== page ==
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Medicines usually can control gout




DEAR DR. DONOHUE: I’m just an old country woman who needs to know more about gout. I have it at least twice a year, and it’s so painful I can’t put my foot to the floor. Please list the things not to eat so that I can kind of keep it under control. — E.W.

ANSWER: Uric acid crystals that bore their way into joints are the cause of gout. Uric acid is a byproduct of the daily turnover of body cells. As long as blood uric acid stays within a normal range, all is well. When its blood level rises, the uric acid infiltrates joints and causes intense joint pain, swelling, redness and heat.

Gout mostly happens to middle-aged and older men and to women who have gone through menopause. The base of the big toe is often the first joint to suffer an attack. Further attacks can target the heels, ankles, knees, elbows, wrists and fingers.

The definitive proof of gout is finding uric acid crystals in joint fluid. A rise in blood uric acid level is another tip.

The gout diet is not very restrictive. In the days before medicines effectively controlled gout, diet was the only remedy. It’s in second place these days. The consumption of red meat and especially organ meat (kidneys, heart, liver, brain and sweetbreads) should be minimized. It’s best to avoid gravies. Seafood, especially anchovies, sardines and shellfish, should be eaten in moderation. Alcohol — beer in particular — can provoke an attack. All vegetables and fruits are permitted, and low-fat dairy products appear to prevent attacks.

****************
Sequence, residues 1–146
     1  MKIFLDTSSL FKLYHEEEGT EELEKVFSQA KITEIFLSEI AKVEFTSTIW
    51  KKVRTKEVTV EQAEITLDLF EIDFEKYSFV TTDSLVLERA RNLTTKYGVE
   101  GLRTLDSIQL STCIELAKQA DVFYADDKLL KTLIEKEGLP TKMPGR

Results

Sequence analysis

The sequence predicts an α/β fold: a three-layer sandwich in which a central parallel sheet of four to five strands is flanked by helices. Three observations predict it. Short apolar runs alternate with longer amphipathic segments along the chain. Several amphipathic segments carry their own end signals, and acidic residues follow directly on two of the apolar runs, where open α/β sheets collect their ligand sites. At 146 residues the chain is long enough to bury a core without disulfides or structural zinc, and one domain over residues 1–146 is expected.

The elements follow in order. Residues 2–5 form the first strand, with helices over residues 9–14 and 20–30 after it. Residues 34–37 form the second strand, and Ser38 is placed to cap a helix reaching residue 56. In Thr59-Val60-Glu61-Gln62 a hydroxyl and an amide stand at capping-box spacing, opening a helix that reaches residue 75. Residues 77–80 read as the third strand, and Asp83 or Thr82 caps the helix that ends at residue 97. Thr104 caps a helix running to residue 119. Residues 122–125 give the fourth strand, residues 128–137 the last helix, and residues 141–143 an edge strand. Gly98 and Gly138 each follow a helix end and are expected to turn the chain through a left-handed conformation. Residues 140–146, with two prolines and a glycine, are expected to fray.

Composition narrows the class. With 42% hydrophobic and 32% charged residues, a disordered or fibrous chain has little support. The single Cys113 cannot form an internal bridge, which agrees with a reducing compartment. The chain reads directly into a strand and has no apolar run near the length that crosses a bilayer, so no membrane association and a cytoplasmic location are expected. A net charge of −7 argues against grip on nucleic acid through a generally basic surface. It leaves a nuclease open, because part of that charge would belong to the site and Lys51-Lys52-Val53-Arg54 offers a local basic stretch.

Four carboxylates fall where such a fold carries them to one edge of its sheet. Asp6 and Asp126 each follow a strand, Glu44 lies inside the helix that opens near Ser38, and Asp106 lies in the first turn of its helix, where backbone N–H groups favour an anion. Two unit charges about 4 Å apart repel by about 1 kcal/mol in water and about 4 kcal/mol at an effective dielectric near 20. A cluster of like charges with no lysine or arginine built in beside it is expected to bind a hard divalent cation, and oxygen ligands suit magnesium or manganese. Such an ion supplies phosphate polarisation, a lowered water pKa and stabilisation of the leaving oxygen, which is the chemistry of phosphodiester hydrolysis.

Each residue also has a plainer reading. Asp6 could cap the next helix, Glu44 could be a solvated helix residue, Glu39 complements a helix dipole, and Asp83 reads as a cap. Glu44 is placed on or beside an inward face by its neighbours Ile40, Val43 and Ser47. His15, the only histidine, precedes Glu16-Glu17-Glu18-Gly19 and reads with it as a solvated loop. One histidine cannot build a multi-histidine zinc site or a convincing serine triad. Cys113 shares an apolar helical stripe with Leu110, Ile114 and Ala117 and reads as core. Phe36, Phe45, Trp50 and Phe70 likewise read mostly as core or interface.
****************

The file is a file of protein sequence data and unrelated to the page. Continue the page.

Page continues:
Gout medicines are of two varieties: ones for an acute attack and ones for prevention. Indomethacin is an example of medicine for an acute attack, as is colchicine. Zyloprim (allopurinol) and Benemid (probenecid) prevent attacks. Zyloprim decreases uric acid production, and Benemid enhances its excretion by the kidneys.

The pamphlet on gout discusses this common ailment in greater detail. To order a copy, write: Dr. Donohue — No. 302W, Box 536475, Orlando, FL 32853-6475. Enclose a check or money order (no cash) for $4.75 U.S./$6 Canada with the recipient’s printed name and address. Please allow four weeks for delivery.

DEAR DR. DONOHUE: I coach junior-varsity football. In the past three years, I have had three boys have a tooth knocked out. I am trying to prepare if this ever happens again. Can you help? — H.J.

ANSWER: A knockedout tooth can be saved if quick action is taken. Don’t scrub or rub the tooth. Ligament tissue clings to it, and preserving that tissue is necessary to re-establish its mooring in the tooth socket. Rinse it with tap water. Keep the tooth moist. Reposition in the mouth if that’s possible. If it isn’t, put it in a container with cold milk or sterile saltwater. Transport solutions to preserve teeth are commercially available. One is Save-A-Tooth, and it would be good to keep some vials of it on hand at all games and practices.

Get the injured player to a dentist promptly. Make arrangements with a dentist to be on call at home during all games and in the office during practices.

Are your players wearing mouth guards? They should be.

Dr. Donohue regrets that he is unable to answer individual letters, but he will incorporate them in his column whenever possible. Readers may write him or request an order form of available health newsletters at P.O. Box 536475, Orlando, FL 32853-6475.

©2009 North America Synd.


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